Reuters – Iran welcomed the most senior French trade delegation in years on Monday, telling more than 100 executives that the farsighted among them stood to win the race for business following an easing of some economic sanctions.
The prospect of a relaxation of commercial restrictions has whetted the appetite of French firms eager to win back business in an oil- and gas-producing country of about 80 million people where some previously had extensive operations.
“A new chapter has begun in relations between Iran and Europe,” Mohammad Nahavandian, President Hassan Rouhani’s chief of staff, was quoted as saying by the official IRNA news agency.
“You should carry the message back that potential for cooperation with Iran is real and not to be overlooked,” he told the delegation. “Those with longer foresight stand to win this race.”
The delegation of more than 100 executives from Medef, the French employers’ association, on a Feb 2-5 trip, met Nahavandian and members of Irans Chamber of Commerce, Industries, Mines and Agriculture, IRNA said.
A source close to the delegation told Reuters it was the most senior group of entrepreneurs and financiers to visit Iran since the 1979 revolution, representing the defence, aviation, petrochemicals, automotive, shipping and cosmetics sectors.
Among companies represented were Safran, Airbus , Total, GDF-Suez, Renault, Alcatel, Alstom, Amundi and L’Oréal, the source said.
“Many of these firms have worked in Iran before and their goal now is to restore links,” the source said. “The very makeup of the delegation shows these people are here to evaluate potential for cooperation.”
A French embassy source in Tehran said the visit was merely exploratory and “nothing is to be signed this time around”.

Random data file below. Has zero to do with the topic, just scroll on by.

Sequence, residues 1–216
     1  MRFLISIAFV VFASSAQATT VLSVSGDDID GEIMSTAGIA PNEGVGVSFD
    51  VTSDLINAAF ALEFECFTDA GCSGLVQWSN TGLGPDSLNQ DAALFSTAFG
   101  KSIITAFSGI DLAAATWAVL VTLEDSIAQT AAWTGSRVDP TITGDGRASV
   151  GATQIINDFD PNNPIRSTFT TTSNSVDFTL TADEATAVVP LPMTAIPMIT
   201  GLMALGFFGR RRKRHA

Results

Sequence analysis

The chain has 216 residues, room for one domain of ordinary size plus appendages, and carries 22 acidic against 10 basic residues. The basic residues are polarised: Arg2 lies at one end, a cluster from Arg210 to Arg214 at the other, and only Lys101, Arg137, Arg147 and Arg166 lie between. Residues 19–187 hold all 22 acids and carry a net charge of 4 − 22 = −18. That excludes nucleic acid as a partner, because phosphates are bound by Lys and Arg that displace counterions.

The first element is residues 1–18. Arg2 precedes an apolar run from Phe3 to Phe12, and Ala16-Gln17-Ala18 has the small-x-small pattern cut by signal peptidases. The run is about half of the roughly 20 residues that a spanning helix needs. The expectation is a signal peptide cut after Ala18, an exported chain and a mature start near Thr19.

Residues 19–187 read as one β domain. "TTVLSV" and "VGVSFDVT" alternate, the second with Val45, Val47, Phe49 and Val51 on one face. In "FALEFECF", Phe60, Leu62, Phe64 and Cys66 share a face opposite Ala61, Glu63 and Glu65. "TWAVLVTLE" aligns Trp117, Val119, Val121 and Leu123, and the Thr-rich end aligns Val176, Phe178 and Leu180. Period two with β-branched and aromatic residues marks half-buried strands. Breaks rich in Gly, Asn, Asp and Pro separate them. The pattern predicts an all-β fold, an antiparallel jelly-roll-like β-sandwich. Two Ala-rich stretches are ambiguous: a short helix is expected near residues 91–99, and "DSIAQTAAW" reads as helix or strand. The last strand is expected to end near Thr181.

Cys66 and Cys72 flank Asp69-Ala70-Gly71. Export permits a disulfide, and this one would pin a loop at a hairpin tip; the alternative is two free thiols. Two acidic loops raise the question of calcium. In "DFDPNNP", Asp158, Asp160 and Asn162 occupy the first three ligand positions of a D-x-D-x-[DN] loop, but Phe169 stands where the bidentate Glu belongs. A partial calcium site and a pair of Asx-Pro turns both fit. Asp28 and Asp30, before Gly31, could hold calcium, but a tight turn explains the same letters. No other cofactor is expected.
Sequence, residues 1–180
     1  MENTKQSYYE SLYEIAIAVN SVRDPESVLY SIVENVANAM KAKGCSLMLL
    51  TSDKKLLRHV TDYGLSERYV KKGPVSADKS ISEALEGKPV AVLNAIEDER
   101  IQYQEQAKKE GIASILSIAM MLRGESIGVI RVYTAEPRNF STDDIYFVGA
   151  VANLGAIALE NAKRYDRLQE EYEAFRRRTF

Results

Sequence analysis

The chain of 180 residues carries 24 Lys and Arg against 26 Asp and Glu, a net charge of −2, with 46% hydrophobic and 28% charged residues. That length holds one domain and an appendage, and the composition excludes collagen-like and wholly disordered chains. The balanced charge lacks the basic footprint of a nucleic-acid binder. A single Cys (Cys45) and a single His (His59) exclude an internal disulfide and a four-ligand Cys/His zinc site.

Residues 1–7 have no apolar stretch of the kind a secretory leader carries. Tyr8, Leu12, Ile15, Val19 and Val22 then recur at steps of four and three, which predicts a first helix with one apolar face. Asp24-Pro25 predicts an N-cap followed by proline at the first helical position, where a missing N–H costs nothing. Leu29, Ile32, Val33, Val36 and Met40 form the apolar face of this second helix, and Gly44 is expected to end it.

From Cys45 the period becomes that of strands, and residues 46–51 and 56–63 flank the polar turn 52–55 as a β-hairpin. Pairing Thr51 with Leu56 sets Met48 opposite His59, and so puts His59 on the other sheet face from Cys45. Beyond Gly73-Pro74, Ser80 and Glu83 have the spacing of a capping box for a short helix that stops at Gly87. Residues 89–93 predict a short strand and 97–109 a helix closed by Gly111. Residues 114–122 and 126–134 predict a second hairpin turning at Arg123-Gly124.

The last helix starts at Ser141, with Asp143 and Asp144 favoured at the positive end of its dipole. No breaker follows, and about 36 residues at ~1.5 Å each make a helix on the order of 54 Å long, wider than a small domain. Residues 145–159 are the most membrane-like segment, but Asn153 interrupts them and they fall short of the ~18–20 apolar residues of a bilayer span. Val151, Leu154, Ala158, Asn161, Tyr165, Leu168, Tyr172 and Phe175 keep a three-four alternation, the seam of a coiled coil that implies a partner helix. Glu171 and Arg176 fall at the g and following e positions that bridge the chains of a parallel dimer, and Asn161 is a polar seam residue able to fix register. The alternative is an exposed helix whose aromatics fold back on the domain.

“The delegation is scouting for potential grounds of cooperation and possibly revive their old presence. Our investors never entirely abandoned Iran. They just cut down their presence and are now looking for a comeback.”
Under November’s interim deal between Iran and six world powers, Iran agreed to stop production of 20% enriched uranium by 20 January.
In return, some sanctions imposed over the nuclear programme – which Western countries suspect is aimed at developing arms despite Iranian denials – were relaxed from that date.
Iran will be able to spend $4.2bn in unfrozen funds over six months, although most sanctions remain pending a long-term agreement.
In the short term, business opportunities are limited, but the potential of Iran’s market is a magnet for foreign firms seeking long-term opportunities.
Former French ambassador to Iran Francois Nicoullaud told Reuters that French firms that operated in Iran before the sanctions wanted to return.
Peugeot and Renault already sent executives to Iran for an automotive conference last year.
Last month, Reuters reported that Iran and Russia were negotiating a deal worth $1.5bn a month under which Russia would buy up to 500,000 barrels a day of Iranian oil in exchange for Russian equipment and goods.